RUBBER HISTORY

Natural Rubber has a very long and old history.
This material can be extracted by a tree, often simply called Rubber Tree, belonging to the family of Euphorbiaceae, with almost 20 different kinds, spread all around the American Continent.
The most important is the Hevea Brasiliensis, it’s the best among the rubber trees and lives in north Brazil, in Amazonas Region.
The tree is 20m high, the leaves can be different, elliptical or lanceolate, from 5 to 60cm long.
The native population of the Amazonas forest, the Tsachali, discovered that, superficially cutting the cortex of Havea, a white and milky liquid called caoutchouc (crying wood), came out of it.
They used this substance to waterproof everything, also the canoes, with which they ascended the river.
During next centuries, once the material was imported in Europe, researches tried to find the best way to use that prodigious material coming from trees.
They begun with the rubber bands, that were essential for the production of braces and garters, and then they arrived to the rubber soles for shoes.
Unfortunately the first attempts were disappointing.
All these products had two inconvenients: the first one was that at normal temperature they were sticky, becoming even more sticky with higher temperatures; the second one was the cold.
They became more and more rigid and fragile with lower temperatures. In 1770, the English chemist and naturalist Joseph Priestley discovered that rubber, when rubbed on a paper sheet, could cancel the pencil.
The English name of the new material “INDIA-RUBBER” (from the verb “to rub”) originates from that discovery.
In 1783 was created for the first time a cloth covered with a tiny and homogeneous rubber film, applying this material with a chemical proceeding on a cloth and awaiting for the evaporation of the solvent. Finally, in 1803 was founded in Paris the first Rubber Factory.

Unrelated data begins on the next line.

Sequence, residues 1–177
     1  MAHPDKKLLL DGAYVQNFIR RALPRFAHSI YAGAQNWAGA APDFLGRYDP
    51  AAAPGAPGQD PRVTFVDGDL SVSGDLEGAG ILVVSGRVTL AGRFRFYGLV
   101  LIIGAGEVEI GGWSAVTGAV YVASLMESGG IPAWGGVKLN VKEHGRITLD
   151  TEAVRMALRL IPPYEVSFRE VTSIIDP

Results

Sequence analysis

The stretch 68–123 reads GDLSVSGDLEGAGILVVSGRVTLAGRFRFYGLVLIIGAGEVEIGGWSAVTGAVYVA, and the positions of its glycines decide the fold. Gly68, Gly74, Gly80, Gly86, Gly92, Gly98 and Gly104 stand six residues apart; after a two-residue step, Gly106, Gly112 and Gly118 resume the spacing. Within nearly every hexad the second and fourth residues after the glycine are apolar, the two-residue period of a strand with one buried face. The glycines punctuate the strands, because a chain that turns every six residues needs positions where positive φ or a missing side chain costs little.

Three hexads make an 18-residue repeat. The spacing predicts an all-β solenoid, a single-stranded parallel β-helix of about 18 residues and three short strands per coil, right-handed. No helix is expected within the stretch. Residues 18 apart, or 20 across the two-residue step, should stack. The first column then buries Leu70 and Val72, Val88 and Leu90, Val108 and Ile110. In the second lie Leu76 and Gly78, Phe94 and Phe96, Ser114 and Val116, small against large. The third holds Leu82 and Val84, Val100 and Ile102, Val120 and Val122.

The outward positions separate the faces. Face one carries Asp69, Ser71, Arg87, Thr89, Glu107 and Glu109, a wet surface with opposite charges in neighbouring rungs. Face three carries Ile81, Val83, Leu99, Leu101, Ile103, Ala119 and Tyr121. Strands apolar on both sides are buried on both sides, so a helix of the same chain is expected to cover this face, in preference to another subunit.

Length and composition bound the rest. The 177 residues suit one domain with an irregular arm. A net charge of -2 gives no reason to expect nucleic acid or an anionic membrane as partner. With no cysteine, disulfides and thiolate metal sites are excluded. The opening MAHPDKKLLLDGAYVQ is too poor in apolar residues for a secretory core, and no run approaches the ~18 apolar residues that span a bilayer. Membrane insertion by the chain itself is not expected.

We have to thank a lot of famous people for the evolution of the rubber.
Beginning with Montgolfier Bros., the French chemist Macquer, that used rubber to produce pipes and Charles Goodyear, very famous in the tyres field.
Towards the half of XIX Century, Thomas Hancock discovered a very important proceeding that will have changed the history of rubber: The mastication. The mastication is the laceration of blocks of raw rubber through a machine with bit parts.
The final product obtained, results to be more simply workable than the raw rubber.
Few years later was discovered the process known as “vulcanisation”.
The vulcanisation gives the rubber a higher stability to thermal variations, thus allowing the preservation of its characteristics for a wider range of temperatures.
Thanks to the evolution that rubber has reached during all these years, our factory is now able to develop innovative applied solutions, always following the market trends, thus encouraging a strong and constant exponential growth during time. Today INGOM has a deserved market place in Italy and all around the world, with a range of customers that goes from the little artisan to the big shoes industry. INGOM, the only space between you and earth…..

 


Ingom S.p.A.
Via Fiastra, 57 59
Zona Industriale
62014 Petriolo (MC)
tel +39 0733 550 262
fax+39 0733 550 263
 

 
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